Shirley Temple Faced An Agonizing Punishment If She Misbehaved On Set
Once upon a time, hard lessons were learned under vastly different circumstances than they are today. The rules for divvying out certain punishments to discipline children were far more liberal in distant years past. For instance, you probably remember your grandfather saying something to the degree of, “Back in my day …” followed by some jarring anecdote about how his schoolteacher would give him a swift knock upside the head if he ever acted out of line. Hard to imagine that happening today without a brazen storm of lawsuits descending upon any educational facility that allowed such antics from their staff, but once upon a time, it was simply the way things were done.
Let’s look beyond the classroom for a moment into more lavish and enchanting settings that would seemingly never allow such barbarism toward children. The world of movie magic is where we often seek an escape from reality for a few short hours, but according to some, it’s not always so magical to behold when you’re right there on set. Ranker, quoting from Shirley Temple’s 1988 memoir “Child Star: An Autobiography” reports that the lovable little ball of curls who sang of animal crackers and all things cute and cuddly, was made to endure a repugnantly severe and unsavory punishment if she ever “misbehaved” while filming “Baby Burlesks” (1932).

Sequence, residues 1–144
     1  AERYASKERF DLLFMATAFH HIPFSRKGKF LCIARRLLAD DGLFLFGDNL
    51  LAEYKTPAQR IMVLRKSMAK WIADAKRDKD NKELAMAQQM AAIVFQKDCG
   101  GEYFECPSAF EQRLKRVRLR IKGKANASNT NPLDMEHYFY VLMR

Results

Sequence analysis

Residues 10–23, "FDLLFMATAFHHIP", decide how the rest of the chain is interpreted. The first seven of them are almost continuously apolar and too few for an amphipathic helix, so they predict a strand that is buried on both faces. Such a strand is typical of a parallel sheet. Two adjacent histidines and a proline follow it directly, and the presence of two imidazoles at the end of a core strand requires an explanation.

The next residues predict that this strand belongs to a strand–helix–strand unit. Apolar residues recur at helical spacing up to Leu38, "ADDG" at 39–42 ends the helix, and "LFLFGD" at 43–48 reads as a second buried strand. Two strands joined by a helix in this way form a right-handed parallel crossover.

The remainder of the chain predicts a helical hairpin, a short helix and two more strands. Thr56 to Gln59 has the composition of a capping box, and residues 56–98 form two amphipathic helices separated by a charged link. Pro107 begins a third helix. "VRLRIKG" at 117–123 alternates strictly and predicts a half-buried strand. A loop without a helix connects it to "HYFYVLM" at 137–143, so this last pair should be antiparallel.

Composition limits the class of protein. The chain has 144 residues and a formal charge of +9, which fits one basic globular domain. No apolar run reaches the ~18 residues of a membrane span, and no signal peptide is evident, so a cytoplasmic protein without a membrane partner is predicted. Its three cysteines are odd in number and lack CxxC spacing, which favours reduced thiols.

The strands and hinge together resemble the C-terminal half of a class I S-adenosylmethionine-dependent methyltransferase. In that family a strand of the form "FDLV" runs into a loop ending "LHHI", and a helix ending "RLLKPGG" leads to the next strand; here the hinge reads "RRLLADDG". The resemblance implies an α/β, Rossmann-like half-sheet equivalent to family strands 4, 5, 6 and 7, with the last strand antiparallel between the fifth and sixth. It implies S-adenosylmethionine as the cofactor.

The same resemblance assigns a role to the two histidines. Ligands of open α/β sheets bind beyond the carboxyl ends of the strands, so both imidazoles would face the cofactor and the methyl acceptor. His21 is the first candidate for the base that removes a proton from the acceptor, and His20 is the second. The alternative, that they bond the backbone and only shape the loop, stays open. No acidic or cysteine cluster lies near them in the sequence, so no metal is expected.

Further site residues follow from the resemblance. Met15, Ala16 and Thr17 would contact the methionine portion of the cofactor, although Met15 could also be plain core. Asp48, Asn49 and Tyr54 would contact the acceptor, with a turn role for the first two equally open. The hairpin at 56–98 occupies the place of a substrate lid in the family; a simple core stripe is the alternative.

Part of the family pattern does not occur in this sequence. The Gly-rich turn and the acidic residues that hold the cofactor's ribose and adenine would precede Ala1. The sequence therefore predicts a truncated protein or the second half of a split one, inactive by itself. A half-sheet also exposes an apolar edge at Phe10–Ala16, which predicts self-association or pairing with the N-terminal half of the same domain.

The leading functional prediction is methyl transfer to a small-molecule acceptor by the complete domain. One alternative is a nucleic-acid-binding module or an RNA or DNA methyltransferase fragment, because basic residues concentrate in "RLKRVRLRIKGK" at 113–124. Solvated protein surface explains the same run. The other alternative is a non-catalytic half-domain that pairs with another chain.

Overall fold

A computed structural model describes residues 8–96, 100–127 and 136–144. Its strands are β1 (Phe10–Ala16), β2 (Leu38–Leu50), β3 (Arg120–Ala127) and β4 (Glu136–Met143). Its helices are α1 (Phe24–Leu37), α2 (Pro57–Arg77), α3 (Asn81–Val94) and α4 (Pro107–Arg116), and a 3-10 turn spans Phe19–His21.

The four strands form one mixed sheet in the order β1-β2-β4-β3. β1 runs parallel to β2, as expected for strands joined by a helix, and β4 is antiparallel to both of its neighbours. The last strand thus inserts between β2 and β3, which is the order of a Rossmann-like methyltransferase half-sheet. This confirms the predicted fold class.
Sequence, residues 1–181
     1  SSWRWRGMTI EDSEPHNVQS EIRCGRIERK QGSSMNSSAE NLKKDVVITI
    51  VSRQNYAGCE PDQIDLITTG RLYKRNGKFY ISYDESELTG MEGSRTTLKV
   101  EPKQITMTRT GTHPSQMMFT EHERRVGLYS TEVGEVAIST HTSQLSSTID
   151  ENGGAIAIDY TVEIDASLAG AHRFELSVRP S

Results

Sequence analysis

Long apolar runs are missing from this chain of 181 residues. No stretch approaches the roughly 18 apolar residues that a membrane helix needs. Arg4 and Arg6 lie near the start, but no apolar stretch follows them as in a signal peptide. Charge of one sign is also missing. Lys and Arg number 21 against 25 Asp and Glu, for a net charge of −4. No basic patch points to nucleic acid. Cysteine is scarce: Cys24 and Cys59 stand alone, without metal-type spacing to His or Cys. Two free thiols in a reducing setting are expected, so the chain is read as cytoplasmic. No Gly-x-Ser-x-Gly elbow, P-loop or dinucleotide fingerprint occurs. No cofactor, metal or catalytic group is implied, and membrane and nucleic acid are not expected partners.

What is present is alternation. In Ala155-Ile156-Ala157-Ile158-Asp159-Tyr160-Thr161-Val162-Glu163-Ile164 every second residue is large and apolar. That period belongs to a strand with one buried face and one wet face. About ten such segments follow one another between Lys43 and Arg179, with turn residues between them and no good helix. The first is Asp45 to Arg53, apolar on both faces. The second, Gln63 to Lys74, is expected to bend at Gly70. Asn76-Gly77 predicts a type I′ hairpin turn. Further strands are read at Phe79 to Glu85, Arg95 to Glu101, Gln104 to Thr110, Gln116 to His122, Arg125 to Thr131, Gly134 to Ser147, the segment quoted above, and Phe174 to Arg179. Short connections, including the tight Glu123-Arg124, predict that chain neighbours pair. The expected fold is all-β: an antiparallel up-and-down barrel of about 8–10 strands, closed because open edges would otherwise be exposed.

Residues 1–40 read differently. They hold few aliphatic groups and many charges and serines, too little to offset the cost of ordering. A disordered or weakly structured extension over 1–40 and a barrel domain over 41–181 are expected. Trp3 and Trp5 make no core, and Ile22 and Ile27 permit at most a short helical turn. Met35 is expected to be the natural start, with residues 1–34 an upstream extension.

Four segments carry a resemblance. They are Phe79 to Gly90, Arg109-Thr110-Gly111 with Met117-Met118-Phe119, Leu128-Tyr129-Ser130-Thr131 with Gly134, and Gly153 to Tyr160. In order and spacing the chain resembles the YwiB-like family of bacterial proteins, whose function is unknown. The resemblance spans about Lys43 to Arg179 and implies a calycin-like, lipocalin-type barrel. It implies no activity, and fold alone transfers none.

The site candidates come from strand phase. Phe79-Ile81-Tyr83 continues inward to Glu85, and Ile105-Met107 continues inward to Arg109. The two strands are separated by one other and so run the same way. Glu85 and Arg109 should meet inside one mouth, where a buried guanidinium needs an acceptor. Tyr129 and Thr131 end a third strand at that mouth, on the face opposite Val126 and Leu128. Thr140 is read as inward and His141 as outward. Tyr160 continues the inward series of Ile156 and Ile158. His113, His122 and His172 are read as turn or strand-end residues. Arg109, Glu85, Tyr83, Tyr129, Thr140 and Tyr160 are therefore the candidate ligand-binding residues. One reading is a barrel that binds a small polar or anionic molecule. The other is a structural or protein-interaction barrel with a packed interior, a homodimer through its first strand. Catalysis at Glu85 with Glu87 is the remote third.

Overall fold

Baby Burlesks and War Babies
“Before she made her big Hollywood debut in 1934, at the age of 5, she starred in ‘Baby Burlesks,’ a very odd short film series that featured a bunch of toddlers in diapers acting out creepily grown-up plots,” Time reported in 2014. Temple was only three years old when she was cast in “War Babies,” which was one of the “Burlesk” series’ short films. While most moviegoers found it charming and innocent enough upon release, the slew of films that featured toddlers mimicking adult behaviors and mature relationships (Temple portrayed a sex worker named Charmaine) is actually wildly disturbing in hindsight.
If the controversial subject matter of “Baby Burlesks” and “War Babies” wasn’t sufficiently troubling, the manner in which the film crew maintained order among its multitude of angsty toddlers waddling around set is enough to chill you (and them, quite literally) to the pallid bone (via Ranker).
“So far as I can tell, the black box did no lasting damage to my psyche,” Temple shared in her autobiography. By “black box,” she didn’t mean those surveillance devices they install on airplanes that document everything going on within the craft at all times. According to The Atlantic, the toddlers who starred in “Baby Burlesks” were subjected to a semi-torturous penalty if they acted out of line during the filming process. Their punishment entailed being sent to a small sound booth (aptly named the “black box” because of the dismal color of its walls) where they were forced to sit on a large block of ice in total isolation for an extended period of time. Pretty barbaric, by any standard whatsoever.
Imagine swooping by a film set at the end of the day to pick up your child star only to be told that he/she is currently perched on a massive slab of ice in a dark room somewhere. You’d probably be pretty furious, no? Later on, Temple referred to the practice and the entire “Baby Burlesks” project as a “cynical exploitation of our childish innocence” (per Ranker). Once upon a time, Hollywood’s philosophy of dealing with toddlers on set was simple and straightforward: Spare the block, spoil the child.